Earlier this week, the Hong Kong Court of First Instance handed down its judgment in relation to a mis-selling claim against a bank, ruling in favour of the plaintiff investors. This departs from the trend in respect of post-financial crisis mis-selling claims against banks, which have all been unsuccessful at the courts.
In Gary Ronald Marshall v Barclays Bank plc  EWHC 2000 (QB), the bank applied to strike out a claim against it for alleged mis-selling of an interest rate hedging product (or to obtain summary judgment), the basis that the claim was barred by a general release in a pre-existing settlement agreement between the bank and the claimant. Continue reading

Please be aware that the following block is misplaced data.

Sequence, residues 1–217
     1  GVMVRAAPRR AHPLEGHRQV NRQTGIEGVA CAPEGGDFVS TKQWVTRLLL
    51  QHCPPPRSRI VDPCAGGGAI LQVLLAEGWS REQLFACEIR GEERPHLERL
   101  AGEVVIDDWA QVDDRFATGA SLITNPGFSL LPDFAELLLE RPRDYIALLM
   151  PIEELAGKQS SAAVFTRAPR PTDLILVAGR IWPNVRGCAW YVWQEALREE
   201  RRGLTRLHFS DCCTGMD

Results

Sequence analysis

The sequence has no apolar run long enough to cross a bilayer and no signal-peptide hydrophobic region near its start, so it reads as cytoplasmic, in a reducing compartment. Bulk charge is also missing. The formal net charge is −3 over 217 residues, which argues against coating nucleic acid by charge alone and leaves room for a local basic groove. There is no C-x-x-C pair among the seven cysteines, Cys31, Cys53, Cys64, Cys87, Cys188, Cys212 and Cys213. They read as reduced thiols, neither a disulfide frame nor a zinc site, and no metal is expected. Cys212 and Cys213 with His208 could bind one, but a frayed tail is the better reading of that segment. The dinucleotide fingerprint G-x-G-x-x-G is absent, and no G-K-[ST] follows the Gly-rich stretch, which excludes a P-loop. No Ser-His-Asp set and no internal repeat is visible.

In a landmark decision dated 18 June 2015, the German Federal Supreme Court (Bundesgerichtshof, “BGH”) decided that pro-forma applications for conciliation (Güteverfahren) do not suspend the limitation period for misselling claims if the applications are too generic and do not contain details of the financial product concerned, the amount invested, the advice given and of the relief sought by way of the application. The cases determined by BGH related to private investors who had used model form applications for conciliation which had been drafted by lawyers, and offered to the wider public; they have been adopted by a significant number of investors. The BGH announced that the judgment will mean that a large number of misselling claims by private investors will now potentially be time-barred.
Mathias Wittinghofer, Friso Heukamp and Tilmann Hertel from our Frankfurt office consider the decision further below. Continue reading